Sunday, March 15, 2015
First 5 Pages March Workshop - Carpinello Revision 1
Name: Cheryl Carpinello
Genre: Middle Grade XXX
Title: Guinevere: At the Dawn of Legend—Cedwyn’s Story
Cedwyn skipped out of the wood shed. Finally, he’d finished the chores his ma had given him. Even though he considered himself the man of the house with his father gone, he didn’t dare make his ma angry. Almost eleven, he’d already cleaned the stables and pig stiesNorth a hundred times more than any other kid in the castle. At least, she hadn’t made him rake up leaves or clean up the chicken droppings. Even at fifteen, Guin’ver, who would be King Arthur’s queen, didn’t escape his ma’s wrath. She just got sent to the kitchen.
He shivered as a strong gust of wind blew through the bailey and breathed in the crisp and sharp air of an early winter. Then he coughed as his nose and mouth filled up with smoke and ashes. For the last month, the North winds also dusted the castle parapets and roofs with ashes turning all a grayish-white. These days ashes covered every level surface and every nook, inside and outside. On days like today when the wind raced through, he forgot to breathe shallow and ended up choking. The early snows would be welcomed this year to get rid of the smoke and ash.
At the keep entrance he hollered up for Guinevere, his newly deepened voice still cracking. “Guin’ver. Guin’ver. You up there?”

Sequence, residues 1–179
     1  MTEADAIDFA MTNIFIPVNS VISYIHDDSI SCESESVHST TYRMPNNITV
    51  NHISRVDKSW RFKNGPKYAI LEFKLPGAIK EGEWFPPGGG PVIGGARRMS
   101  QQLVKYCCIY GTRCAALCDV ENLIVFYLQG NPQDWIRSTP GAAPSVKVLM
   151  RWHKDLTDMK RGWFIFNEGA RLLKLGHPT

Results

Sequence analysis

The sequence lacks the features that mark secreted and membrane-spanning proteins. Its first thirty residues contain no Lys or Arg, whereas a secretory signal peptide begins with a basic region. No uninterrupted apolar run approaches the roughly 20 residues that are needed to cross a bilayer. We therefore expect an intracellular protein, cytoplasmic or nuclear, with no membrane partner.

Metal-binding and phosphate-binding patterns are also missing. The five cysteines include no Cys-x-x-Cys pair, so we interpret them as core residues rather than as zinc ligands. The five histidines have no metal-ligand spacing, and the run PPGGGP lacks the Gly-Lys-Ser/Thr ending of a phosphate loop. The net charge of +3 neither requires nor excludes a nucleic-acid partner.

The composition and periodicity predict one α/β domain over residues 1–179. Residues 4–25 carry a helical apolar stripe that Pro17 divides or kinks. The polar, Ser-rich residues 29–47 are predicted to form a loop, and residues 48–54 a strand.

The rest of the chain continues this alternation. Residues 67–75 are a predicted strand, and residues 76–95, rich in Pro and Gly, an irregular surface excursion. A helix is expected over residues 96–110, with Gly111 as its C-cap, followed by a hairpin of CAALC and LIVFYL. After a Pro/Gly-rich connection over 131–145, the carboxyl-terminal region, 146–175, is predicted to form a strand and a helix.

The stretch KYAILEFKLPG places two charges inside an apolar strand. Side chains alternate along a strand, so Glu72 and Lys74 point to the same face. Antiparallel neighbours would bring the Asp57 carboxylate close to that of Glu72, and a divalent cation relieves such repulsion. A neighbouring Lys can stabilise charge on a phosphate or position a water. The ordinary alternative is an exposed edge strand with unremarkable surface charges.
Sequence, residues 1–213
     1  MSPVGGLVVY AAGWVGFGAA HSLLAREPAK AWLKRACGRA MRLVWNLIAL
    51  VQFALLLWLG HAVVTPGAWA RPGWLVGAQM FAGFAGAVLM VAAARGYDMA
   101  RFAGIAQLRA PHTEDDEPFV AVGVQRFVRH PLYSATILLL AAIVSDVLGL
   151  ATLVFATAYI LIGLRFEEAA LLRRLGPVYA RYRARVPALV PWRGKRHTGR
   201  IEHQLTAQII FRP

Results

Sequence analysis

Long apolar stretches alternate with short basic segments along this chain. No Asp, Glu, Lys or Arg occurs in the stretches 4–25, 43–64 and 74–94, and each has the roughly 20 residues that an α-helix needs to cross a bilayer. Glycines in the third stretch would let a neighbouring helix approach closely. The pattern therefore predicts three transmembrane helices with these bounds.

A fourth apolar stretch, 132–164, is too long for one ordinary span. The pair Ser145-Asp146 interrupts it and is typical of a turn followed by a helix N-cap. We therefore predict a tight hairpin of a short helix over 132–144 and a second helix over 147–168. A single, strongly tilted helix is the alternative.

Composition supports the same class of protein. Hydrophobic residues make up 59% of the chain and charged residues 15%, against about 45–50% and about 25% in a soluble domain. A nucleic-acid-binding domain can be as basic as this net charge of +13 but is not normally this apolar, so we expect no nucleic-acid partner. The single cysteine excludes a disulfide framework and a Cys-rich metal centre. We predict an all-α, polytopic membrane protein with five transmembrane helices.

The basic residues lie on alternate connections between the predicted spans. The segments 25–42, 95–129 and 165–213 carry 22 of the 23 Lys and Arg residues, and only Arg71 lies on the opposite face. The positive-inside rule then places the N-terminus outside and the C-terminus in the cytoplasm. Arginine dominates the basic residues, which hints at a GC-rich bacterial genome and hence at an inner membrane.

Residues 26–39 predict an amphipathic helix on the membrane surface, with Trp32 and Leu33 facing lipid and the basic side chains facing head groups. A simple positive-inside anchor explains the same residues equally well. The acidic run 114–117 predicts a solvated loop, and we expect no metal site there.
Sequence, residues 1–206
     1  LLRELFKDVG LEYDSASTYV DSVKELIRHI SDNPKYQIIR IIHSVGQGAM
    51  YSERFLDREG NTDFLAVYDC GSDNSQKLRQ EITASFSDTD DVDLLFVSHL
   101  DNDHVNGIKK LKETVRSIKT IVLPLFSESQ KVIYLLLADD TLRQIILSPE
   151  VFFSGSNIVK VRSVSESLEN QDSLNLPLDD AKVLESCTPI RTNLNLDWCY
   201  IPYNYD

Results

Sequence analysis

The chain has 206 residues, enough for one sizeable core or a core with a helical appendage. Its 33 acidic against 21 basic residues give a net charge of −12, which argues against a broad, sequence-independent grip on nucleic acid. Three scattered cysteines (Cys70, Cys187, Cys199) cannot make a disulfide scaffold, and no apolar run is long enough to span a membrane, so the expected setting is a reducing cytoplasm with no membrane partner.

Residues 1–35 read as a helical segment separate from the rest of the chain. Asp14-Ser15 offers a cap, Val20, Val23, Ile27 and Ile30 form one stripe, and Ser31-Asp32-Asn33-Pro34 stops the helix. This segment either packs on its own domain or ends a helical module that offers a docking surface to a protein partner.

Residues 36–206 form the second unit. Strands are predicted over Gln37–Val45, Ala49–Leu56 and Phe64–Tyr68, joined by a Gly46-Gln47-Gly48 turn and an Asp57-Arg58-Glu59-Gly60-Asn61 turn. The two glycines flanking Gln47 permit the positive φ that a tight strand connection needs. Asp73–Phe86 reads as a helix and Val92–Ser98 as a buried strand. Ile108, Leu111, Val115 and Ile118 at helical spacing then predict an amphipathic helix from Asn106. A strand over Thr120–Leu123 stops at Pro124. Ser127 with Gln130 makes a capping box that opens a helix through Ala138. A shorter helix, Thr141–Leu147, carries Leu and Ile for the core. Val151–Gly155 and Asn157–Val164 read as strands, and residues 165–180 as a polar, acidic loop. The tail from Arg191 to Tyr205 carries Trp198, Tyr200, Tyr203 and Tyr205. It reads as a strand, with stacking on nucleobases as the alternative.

From behind him came the answer. “Here I am.”
Turning around he saw her running down the battlement steps, blond hair streaming out behind her.
His mother, who really ran the castle in the king’s absence, had given the approval their ride and overnight stay at the Abbey. With the fighting contained to the north country, the castle was safe from danger. And today, he and Guin’ver were going an adventure just like they had so many other times. Except that this time, they’d be sure not to get in trouble. Nothing like the rabbit hunt the day King Arthur came to ask for Guin’ver’s hand.
He chuckled remembering how much trouble they’d been in with everyone: the King, Merlyn, Brynwyn, and Cook. And to top that adventure off, he later ran away with Guin’ver who wanted to remain a princess. No, today would be fun, no trouble.
“I’m finished, you?” Cedwyn asked when Guinevere reached him. The lingering wind blew his brown hair, not quite shoulder length, into his face and teased the castle by scattering more yellowed leaves and ash.